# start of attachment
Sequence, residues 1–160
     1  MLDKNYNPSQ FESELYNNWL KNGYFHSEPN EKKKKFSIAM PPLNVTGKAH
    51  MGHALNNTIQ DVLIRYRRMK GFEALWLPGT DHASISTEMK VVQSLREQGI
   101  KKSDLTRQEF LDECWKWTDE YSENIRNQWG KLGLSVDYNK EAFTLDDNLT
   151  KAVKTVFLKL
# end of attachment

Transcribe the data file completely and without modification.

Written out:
Sequence, residues 1–160
     1  MLDKNYNPSQ FESELYNNWL KNGYFHSEPN EKKKKFSIAM PPLNVTGKAH
    51  MGHALNNTIQ DVLIRYRRMK GFEALWLPGT DHASISTEMK VVQSLREQGI
   101  KKSDLTRQEF LDECWKWTDE YSENIRNQWG KLGLSVDYNK EAFTLDDNLT
   151  KAVKTVFLKL